One by one, Christian Yelich saw his teammates and friends traded away since Derek Jeter and Co. took over the Marlins organization.
Now, it seems like just a matter of time until Yelich is the next of the Marlins’ big-name players to leave Miami.
Joe Longo, Yelich’s agent, told ESPN on Tuesday night that Yelich’s relationship with the Marlins organization is beyond repair and that the team needs to trade him, preferably before the start of spring training.
“They have a plan,” Longo said. “I respect that plan, but that plan shouldn't include Christian at this point in his career. He's in the middle of the best years of his career, and having him be part of a 100-loss season is not really where [we] want to see him going.
“The relationship between player and team is irretrievably broken. It's soured.”
Yelich, 26, as well as catcher J.T. Realmuto, have previously expressed disdain for how the new ownership has shipped away the team’s top players for the sake of slashing salary. Infielder Starlin Castro, who came to the Marlins from the Yankees as a result of the Stanton trade, has similar feelings.
For Yelich, the move would be a chance for him to have an opportunity to potentially play for a team that has postseason potential. In his five seasons with the Marlins, the team has never finished with a winning record and had no more than 79 wins. That losing record streak seems likely to continue this year with a watered-down roster that could be without five of the top six hitters in the batting order from last season if both Yelich and Realmuto are traded.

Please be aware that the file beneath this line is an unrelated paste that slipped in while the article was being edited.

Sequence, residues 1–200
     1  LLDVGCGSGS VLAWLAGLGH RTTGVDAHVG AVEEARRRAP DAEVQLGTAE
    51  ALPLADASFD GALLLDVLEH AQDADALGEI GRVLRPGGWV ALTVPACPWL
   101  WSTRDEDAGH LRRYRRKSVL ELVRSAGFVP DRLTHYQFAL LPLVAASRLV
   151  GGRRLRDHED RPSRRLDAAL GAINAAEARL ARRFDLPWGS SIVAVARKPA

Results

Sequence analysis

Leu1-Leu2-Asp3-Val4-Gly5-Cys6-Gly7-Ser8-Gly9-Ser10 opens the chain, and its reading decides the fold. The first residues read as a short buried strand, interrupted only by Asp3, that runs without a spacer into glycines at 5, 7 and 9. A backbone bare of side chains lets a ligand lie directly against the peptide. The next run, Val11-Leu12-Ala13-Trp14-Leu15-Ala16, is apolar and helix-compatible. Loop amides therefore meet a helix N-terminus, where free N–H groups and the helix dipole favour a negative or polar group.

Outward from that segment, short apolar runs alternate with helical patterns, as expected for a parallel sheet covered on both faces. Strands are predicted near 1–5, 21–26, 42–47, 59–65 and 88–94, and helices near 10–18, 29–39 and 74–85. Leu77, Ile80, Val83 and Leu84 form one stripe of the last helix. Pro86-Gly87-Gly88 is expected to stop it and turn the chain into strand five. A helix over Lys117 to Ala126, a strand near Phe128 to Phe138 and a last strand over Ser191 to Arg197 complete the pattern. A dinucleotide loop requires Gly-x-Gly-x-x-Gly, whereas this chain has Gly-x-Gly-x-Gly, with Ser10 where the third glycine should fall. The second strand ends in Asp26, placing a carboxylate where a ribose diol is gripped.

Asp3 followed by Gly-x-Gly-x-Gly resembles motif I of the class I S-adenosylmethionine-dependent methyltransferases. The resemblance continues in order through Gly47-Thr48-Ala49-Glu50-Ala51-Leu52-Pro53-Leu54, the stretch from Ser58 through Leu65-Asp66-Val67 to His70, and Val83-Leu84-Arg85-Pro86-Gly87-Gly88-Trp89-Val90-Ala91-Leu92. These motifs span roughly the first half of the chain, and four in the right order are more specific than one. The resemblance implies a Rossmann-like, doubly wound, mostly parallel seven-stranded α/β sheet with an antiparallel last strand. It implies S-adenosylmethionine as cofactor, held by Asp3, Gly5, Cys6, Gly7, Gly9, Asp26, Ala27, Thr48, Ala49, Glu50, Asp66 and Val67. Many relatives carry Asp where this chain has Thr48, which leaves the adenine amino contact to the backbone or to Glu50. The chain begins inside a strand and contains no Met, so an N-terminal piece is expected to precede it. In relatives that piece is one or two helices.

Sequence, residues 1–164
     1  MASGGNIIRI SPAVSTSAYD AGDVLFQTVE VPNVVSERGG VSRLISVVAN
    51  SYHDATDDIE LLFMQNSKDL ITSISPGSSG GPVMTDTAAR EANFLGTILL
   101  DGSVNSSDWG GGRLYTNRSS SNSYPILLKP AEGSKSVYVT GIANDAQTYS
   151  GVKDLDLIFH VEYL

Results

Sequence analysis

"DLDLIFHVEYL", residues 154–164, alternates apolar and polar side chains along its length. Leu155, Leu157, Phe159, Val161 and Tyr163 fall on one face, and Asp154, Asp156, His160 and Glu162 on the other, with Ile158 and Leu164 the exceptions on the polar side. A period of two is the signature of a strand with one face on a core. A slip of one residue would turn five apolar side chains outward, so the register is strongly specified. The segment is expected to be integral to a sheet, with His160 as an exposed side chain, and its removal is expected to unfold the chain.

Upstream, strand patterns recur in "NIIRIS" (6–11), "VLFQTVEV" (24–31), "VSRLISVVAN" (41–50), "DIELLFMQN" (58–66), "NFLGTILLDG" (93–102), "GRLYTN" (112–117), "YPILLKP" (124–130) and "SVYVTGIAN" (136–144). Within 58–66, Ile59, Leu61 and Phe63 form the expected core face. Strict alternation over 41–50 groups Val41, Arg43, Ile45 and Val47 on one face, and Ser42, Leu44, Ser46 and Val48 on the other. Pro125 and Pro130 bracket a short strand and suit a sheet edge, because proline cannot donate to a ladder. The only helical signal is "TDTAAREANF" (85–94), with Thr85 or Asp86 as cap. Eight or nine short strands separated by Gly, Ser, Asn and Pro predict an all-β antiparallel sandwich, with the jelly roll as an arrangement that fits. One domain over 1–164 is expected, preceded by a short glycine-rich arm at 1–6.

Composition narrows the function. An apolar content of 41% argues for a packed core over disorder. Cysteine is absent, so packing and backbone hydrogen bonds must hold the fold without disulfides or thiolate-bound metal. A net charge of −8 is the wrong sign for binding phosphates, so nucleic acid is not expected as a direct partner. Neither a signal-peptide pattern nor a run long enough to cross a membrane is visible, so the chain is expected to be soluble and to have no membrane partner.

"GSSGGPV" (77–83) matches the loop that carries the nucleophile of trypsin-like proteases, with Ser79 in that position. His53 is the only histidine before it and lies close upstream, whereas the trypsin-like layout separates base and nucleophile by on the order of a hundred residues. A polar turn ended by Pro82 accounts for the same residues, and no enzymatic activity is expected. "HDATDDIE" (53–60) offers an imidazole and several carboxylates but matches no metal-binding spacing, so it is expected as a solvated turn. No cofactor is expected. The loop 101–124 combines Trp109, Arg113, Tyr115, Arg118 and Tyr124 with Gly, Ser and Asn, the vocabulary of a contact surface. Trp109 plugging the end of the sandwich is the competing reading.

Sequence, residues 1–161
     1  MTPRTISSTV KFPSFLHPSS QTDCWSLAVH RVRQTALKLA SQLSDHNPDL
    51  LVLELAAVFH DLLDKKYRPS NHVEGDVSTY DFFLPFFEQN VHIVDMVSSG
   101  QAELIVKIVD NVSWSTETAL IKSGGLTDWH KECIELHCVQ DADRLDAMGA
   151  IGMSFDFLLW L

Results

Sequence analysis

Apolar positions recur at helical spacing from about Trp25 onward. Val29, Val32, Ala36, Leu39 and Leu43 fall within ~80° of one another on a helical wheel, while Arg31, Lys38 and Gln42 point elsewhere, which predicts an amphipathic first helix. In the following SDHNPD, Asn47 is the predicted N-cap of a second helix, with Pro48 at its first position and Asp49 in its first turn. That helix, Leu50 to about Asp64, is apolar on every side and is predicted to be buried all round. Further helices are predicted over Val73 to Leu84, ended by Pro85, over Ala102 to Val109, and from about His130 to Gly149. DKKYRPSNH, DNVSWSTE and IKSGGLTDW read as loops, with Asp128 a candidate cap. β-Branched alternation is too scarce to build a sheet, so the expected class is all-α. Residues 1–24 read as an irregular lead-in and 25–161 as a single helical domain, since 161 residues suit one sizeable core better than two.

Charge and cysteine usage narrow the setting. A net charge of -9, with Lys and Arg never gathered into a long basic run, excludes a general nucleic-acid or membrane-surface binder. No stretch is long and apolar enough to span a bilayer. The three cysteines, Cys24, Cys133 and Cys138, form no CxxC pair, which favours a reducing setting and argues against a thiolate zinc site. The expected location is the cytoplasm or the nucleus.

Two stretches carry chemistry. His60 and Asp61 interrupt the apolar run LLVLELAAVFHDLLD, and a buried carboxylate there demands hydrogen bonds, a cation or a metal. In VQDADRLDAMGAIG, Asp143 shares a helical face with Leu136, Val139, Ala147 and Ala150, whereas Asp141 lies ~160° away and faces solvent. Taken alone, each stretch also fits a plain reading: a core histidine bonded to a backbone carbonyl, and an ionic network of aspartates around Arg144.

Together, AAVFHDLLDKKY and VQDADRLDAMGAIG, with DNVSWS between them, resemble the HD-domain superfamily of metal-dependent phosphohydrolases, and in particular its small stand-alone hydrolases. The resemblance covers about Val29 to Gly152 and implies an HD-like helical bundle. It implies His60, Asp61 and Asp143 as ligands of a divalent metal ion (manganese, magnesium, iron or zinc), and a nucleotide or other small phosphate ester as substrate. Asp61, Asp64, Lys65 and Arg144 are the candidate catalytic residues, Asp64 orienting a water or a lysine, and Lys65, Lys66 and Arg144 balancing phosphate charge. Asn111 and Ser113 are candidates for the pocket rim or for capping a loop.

In that span, Yelich has been one of the Marlins’ steady contributors in the lineup. He has put up a career slash line of .290/.369/.423. He won a Gold Glove Award in 2014 for his prowess on defense and a Silver Slugger Award in 2016 for a career year at the plate. He has hit 39 home runs over the last two seasons.
“The new ownership regime needs to get new parts into this plan and move forward, and [Yelich] needs to get on with his career where he's got a chance to win,” Longo said. “The big issue is him winning and winning now.
“He loves the city of Miami. He loves the fans. He's had nothing but a good experience in South Florida, and he feels sorry where they ended up. But I think having him report [to spring training] and attempting to include him moving forward is going to be uncomfortable for both sides. I don't see how it's going to work.”